Now, nearly seven months after he sub-
mitted his story for consideration at the
recommendation of Treadway, Scarpa will
reap the fruits of his labor.
There is a star-studded group of
celebrities and literary heavyweights
expected to join Scarpa at the ceremony:
Alec Baldwin will serve as the master of
ceremonies; Joyce Carol Oates will be
honored with a lifetime achievement
award; Muhammad Ali will be speaking;
and Garrison Keillor and Robert Caro will
also be honored.
Having achieved so much in such a
short span of time, one would assume
Scarpa plans to pursue a career as a full-
time writer. He says that’s not the case.
“I don’t see that happening,” he said,
laughing. “It’s something I would love to
do, but I just don’t know how feasible it is.”
So what does the future hold then?
“I’m going to be applying to grad
schools in the winter,” Scarpa said. “I’d
like to get my MFA in creative writing. I
was a little weary about applying to some
of the top programs at first. I thought
maybe I was still a little too green. But
getting this award kind of gave me the
boost I needed. I feel legitimized now.” I {
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www.CompleteCareNJ.org
Stop in any CompleteCare
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WRITER
Continued from cover
Most of Scarpa’s research
involved getting some
insight into the world of
call-in psychics, a world he
was otherwise unfamiliar with,
but always interested in.
To accomplish this,
he spent some time calling
into these hotlines.
Grapevine 12-17 092612-de:Layout 1 9/24/12 8:02 PM Page 14
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PEDALS
Continued from cover
Rotary has partnered with Pedals for
Progress, a non-profit corporation devoted
to global economic development, to export
bikes to more than 30 third world countries.
Each bike represents food for the table and
helps keep families together. Bicycles repre-
sent mobility and can make the difference
between success and failure for a family.
Children often use the bikes to attend
school on a regular basis. Portable and trea-
dle sewing machines are also collected and
are often used by recipients to make their
own clothes or to start small businesses.
Rotary is a worldwide organization of
more than 1.2 million business, professional,
and community leaders. Members of Rotary
clubs, known as Rotarians, provide humani-
tarian service, encourage high ethical stan-
dards in all vocations, and help build good-
will and peace in the world. Clubs are non-
political, nonreligious, and open to all cul-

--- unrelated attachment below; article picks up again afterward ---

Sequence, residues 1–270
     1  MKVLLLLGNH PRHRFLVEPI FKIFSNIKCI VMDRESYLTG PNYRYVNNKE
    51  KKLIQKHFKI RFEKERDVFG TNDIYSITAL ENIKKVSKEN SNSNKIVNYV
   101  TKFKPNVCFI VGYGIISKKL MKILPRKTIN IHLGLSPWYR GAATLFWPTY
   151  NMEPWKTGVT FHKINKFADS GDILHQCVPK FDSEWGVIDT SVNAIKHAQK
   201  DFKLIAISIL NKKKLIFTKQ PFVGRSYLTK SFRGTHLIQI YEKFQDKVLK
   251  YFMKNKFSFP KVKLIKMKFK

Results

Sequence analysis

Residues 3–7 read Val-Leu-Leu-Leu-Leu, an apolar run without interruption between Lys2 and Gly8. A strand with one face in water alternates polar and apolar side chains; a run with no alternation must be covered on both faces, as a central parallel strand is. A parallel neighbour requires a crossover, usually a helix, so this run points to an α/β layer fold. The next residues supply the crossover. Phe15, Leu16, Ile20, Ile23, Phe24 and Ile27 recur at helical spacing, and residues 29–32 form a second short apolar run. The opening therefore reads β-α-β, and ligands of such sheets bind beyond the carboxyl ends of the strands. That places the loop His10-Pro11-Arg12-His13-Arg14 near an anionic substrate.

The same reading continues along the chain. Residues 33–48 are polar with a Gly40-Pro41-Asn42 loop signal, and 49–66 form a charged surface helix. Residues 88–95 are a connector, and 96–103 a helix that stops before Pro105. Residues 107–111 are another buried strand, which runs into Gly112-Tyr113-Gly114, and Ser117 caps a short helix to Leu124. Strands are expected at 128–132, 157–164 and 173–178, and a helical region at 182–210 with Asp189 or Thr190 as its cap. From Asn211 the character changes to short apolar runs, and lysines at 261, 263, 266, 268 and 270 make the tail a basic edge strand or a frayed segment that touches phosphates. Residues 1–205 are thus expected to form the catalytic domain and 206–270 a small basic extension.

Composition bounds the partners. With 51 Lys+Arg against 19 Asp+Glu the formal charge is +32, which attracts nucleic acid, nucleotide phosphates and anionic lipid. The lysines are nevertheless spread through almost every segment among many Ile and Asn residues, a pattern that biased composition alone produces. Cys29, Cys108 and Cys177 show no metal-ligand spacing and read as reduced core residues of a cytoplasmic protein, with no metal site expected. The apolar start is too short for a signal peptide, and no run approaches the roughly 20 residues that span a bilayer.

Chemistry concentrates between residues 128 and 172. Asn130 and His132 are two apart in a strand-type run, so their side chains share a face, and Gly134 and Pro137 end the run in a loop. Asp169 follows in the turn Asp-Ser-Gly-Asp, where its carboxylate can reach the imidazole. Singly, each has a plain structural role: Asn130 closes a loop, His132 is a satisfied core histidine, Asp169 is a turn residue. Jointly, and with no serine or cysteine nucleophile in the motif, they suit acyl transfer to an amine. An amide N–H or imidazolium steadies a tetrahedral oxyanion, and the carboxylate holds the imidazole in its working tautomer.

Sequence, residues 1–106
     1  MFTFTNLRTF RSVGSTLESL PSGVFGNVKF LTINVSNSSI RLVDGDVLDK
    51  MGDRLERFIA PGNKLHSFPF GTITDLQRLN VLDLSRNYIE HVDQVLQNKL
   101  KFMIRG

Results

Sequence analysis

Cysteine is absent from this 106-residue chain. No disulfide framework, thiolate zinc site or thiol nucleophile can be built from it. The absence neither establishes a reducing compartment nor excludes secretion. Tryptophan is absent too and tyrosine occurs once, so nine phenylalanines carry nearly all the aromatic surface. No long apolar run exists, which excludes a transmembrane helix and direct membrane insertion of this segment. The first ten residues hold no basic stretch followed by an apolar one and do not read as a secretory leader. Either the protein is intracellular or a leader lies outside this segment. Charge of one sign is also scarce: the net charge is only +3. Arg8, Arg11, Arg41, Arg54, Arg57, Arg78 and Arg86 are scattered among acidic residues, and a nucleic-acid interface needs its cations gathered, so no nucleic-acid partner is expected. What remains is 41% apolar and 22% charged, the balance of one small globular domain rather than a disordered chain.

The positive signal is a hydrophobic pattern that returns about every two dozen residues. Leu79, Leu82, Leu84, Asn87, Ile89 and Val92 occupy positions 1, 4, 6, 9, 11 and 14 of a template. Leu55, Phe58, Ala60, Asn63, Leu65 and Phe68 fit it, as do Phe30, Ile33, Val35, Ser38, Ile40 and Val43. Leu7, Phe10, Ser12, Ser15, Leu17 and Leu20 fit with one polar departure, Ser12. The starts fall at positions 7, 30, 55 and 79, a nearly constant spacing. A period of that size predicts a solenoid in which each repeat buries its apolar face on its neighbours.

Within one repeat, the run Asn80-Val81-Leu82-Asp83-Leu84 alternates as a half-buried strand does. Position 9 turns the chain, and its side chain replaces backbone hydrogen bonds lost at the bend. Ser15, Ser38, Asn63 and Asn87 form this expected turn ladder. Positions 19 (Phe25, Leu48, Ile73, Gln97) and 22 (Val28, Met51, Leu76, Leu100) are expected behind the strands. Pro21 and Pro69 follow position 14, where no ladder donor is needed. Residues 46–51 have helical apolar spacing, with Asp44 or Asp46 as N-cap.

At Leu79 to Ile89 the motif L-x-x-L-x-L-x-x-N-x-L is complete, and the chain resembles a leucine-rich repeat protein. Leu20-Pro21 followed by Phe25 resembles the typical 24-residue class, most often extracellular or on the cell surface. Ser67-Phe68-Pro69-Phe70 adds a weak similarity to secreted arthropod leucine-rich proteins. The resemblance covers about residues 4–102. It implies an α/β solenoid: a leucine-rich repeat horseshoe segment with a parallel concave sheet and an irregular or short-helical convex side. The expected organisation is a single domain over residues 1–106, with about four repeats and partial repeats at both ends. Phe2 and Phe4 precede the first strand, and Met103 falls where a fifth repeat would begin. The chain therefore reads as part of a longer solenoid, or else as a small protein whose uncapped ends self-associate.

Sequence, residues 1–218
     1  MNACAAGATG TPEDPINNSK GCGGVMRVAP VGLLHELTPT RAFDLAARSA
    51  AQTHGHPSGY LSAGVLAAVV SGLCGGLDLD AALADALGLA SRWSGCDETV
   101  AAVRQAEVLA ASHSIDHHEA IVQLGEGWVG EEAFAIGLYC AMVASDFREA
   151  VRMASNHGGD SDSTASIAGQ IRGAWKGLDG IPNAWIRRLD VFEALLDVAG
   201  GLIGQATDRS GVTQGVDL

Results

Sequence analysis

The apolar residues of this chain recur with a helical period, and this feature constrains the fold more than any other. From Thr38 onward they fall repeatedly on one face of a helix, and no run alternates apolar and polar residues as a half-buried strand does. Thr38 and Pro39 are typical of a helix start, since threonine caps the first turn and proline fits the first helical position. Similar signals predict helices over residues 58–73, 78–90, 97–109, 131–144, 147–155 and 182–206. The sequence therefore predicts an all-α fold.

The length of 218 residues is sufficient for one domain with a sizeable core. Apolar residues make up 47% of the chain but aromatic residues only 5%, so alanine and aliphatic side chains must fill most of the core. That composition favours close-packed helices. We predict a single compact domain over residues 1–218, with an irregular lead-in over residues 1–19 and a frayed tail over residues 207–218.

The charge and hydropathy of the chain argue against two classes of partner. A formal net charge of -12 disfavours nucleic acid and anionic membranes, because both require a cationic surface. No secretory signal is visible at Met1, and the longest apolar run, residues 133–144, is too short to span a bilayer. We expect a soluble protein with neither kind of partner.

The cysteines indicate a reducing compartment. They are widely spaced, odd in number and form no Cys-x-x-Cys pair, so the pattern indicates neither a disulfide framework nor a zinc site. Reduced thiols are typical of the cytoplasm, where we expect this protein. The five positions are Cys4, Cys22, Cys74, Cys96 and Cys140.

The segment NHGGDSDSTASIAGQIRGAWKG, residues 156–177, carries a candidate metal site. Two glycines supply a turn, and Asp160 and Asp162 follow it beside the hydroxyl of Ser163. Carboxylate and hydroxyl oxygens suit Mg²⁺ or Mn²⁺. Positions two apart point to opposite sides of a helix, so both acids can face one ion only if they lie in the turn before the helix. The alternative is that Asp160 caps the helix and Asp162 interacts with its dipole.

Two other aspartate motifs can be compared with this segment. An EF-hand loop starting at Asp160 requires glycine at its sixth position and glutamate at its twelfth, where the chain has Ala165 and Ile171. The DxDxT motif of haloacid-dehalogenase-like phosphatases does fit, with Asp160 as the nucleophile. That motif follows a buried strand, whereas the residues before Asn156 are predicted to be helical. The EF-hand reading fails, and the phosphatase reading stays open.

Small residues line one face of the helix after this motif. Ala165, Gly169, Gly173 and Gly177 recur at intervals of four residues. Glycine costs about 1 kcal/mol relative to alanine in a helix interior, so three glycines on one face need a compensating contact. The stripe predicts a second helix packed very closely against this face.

tures, races, and creeds. As signified by the
motto Service Above Self, Rotary’s main
objective is service — in the community, in
the workplace, and throughout the world.
The Rotary Club of Vineland has more
than 85 members and meets on Tuesdays, at
12:10 PM at the Vineland Ramada Inn. For
more information, visit www.vinelandro-
tary.com or e-mail the club at
info@vinelandrotary.com. I
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Henry Hansen (pictured) has been involved for
many years in the Vineland Rotary Club’s
Pedals for Progress efforts, in which bicycles
are collected and readied for shipment to third
world countries where they are much needed
for transport. The Vineland club started col-
lecting the bikes 18 years ago. Hansen took
over leadership of the cause in 2003.
The Vineland Rotary Club has collected 2,500
bicycles and hopes to collect another 200 dur-
ing its annual fall bicycle and sewing machine
drive, ending on September 29.
If you have a bicycle or sewing machine to
donate, call Henry Hansen at 856-696-0643 to
arrange for a pickup or drop-off.
Nominate Your Hometown Hero Today!
www.grapevinenewspaper.com/hometownheroes
Is it someone who gives of their time and energy to make our community a
better place to live and work? Perhaps they’re a policeman, fireman, teacher,
coach, volunteer, serviceman or woman, elected official, or an everyday hero
who makes personal sacrifices so that others can live better lives.
They don’t do it for the recognition,
but we think they should be recognized anyway.
Grapevine 12-17 092612-de:Layout 1 9/24/12 8:02 PM Page 15
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Grapevine 12-17 092612-de:Layout 1 9/24/12 8:02 PM Page 17
Vineland Gynecology Associates (VGA)
offers women’s care based on years of
medical experience. The board-certified
physicians of VGA are Ronald Portadin,
MD and Jonathan Gewirtz, MD.
Originally of Vineland Obstetrical and
Gynecological Professional Association at
Brewster Road, they have been practicing
together locally for many years. With
Nurse Practitioners Cindy Nevara and
Rita Vastano, they are now located at 1318
S. Main Road, Building 3, in Vineland.
Fall Events for Senior Citizens
and Disabled at Mall
A Senior Citizen Information Expo will
be held on Friday, November 2, from 10
a.m. to 4:30 p.m., and will feature informa-